The 61-year-old, world’s richest banker, Uday Kotak would have not reached this position if it weren't for a cricket accident that almost killed him. He had to abandon his dream of becoming a professional player after a ball hit him in the head that led to an emergency surgery when he was 20-year-old, said a Bloomberg report.
The banker then went on to pursue his MBA at the prestigious Jamnalal Bajaj Institute of Management Studies in Mumbai, after a brief stint at the family's cotton-trading business. He started out in finance in 1985 at the age of 26. Mr Kotak, now 61, has a fortune estimated at $16 billion, according to the Bloomberg Billionaires Index.
A native of the western state of Gujarat, Mr Kotak set up an investment company in 1985 with a Rs 3 million loan ($41,000) from family and friends and partnered with Mahindra the following year. The firm, which started off discounting bills, later expanded its loan portfolio, got into stock brokering, investment banking, insurance and mutual funds. It converted into a lender in 2003 after getting the RBI's nod.
When the coronavirus pandemic added to the industry's problems by eroding borrowers' ability to repay, the firm was one of the first to raise capital to fortify its balance sheet, helping boost investors' confidence that it will be among the biggest winners as the nation emerges from its Covid-induced recession.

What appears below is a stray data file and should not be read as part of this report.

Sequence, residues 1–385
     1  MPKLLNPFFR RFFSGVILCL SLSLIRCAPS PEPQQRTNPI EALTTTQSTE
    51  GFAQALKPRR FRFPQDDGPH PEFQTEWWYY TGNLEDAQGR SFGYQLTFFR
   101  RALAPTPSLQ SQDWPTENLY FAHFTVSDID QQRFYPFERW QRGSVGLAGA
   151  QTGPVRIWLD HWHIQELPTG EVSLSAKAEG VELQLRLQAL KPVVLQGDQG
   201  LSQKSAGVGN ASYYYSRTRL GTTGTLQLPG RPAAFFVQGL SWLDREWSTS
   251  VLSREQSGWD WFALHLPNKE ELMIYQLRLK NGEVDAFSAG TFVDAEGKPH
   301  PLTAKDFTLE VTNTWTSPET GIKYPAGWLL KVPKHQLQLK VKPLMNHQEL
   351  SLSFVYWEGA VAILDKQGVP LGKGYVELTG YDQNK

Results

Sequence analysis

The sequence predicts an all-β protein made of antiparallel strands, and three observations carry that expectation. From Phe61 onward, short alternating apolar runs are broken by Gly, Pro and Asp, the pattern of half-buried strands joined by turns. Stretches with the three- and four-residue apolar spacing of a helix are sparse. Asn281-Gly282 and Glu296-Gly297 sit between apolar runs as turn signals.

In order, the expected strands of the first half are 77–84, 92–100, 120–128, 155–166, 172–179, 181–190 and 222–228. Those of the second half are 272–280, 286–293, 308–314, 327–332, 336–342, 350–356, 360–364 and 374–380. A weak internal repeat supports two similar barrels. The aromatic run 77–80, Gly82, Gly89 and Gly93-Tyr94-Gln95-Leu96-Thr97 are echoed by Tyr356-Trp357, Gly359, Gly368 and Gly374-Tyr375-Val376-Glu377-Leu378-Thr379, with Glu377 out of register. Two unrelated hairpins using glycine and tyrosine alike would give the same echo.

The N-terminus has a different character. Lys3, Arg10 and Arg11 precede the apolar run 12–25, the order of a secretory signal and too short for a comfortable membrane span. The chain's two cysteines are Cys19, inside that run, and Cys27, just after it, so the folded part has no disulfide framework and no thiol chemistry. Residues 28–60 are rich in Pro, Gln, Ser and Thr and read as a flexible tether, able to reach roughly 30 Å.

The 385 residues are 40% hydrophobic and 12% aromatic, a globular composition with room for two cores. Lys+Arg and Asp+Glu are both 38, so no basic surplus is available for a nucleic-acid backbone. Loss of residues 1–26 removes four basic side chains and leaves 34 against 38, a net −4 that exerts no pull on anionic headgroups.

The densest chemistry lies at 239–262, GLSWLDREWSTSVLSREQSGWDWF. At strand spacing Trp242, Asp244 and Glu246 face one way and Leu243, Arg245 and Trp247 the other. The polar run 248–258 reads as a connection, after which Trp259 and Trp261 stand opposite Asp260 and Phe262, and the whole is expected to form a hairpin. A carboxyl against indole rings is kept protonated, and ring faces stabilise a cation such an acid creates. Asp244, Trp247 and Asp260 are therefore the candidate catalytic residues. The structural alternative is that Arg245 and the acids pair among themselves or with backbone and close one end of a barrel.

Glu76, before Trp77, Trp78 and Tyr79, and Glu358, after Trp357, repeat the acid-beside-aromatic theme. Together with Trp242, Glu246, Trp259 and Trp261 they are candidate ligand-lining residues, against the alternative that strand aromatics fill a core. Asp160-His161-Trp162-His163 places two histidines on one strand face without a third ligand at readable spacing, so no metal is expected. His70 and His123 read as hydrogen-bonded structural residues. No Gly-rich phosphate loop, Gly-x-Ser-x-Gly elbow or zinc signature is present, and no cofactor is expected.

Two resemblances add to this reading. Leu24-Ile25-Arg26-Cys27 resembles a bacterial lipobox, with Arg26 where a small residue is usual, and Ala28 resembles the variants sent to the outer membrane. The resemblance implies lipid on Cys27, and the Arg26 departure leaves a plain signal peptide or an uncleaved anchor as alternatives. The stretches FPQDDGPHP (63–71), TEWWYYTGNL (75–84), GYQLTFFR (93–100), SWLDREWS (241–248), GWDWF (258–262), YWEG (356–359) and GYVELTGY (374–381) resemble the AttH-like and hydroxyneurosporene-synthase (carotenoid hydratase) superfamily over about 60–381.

The strategy paid off: As lenders have plunged globally, Kotak Mahindra Bank shares are up 17 per cent this year, the most among Indian peers, and Mr Kotak just gained an extension to his chief executive officer term for another three years.
"As far as I'm concerned, becoming the world's richest banker is only a proxy for Uday being one of the world's smartest bankers," said Anand Mahindra, the chairman of Mahindra Group in Mumbai, whose tie up with Kotak back in 1986 led to the firm's name.
Mr Kotak's company stands out in a country where lenders have some of the worst bad-loan ratios in the world. Trouble for the firms started brewing in 2015, when India's regulator initiated a massive audit that unearthed hidden souring loans. That led to a shadow-banking crisis that constrained the broader economy and further hurt asset-quality scores and profits.
Kotak Mahindra Bank, reduced lending to small and medium companies and unsecured individuals. Its shares rallied more than 24 per cent in each of the past three years.
While its bad-loan ratio has risen in 2020, it ranked as the second lowest among peers, with its capital-adequacy score being the highest. The nation's second-largest lender by market value reported an unexpected 27 per cent profit surge in the quarter ended September 30.
The firm got another boost last month, when the central bank proposed increasing the ownership limit for founders, effectively reducing the risk that Mr Kotak will be forced to dilute his 26 per cent stake in the lender as previously demanded by the Reserve Bank of India.
While the RBI just approved the extension of Mr Kotak's CEO term -- despite earlier proposing to put a cap on the tenure of top executives at private banks -- investors are starting to wonder what will happen after he hands over the reins.
For now, Mr Kotak is still very much at the helm. The firm is exploring a takeover of smaller rival IndusInd Bank, people familiar with the matter said in October, a move that would cement Kotak Mahindra Bank's position as one of India's leading private lenders and boost its assets by more than 80 per cent.